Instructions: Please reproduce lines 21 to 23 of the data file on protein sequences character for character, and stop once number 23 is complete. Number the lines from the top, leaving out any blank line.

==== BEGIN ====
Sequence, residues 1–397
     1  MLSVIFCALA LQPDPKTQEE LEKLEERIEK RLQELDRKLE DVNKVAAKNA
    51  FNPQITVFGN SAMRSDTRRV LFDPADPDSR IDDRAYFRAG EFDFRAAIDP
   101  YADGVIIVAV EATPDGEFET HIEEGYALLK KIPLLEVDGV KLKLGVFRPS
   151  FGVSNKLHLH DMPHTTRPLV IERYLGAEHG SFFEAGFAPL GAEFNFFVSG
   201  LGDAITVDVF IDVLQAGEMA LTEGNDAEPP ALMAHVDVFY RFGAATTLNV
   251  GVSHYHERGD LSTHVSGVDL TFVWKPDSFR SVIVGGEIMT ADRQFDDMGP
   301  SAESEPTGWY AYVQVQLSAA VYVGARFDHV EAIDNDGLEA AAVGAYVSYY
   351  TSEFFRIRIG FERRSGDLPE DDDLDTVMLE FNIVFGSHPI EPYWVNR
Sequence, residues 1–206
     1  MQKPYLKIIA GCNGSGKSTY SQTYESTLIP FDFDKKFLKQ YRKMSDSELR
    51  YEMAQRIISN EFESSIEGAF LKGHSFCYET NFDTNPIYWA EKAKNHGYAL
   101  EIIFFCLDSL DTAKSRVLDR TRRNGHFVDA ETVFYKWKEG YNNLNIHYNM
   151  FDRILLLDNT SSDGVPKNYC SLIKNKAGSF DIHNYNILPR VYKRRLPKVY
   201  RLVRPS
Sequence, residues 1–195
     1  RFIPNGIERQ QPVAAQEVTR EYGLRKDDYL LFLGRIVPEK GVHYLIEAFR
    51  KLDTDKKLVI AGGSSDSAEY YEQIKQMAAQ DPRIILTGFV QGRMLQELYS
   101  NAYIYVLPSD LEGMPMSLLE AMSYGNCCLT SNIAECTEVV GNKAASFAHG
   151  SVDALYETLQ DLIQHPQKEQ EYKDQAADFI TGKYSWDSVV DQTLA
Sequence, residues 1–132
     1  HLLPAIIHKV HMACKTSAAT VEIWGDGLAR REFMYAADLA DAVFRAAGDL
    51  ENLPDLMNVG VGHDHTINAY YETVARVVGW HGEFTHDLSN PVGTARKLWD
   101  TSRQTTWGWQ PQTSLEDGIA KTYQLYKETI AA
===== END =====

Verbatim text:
Sequence, residues 1–132
     1  HLLPAIIHKV HMACKTSAAT VEIWGDGLAR REFMYAADLA DAVFRAAGDL
    51  ENLPDLMNVG VGHDHTINAY YETVARVVGW HGEFTHDLSN PVGTARKLWD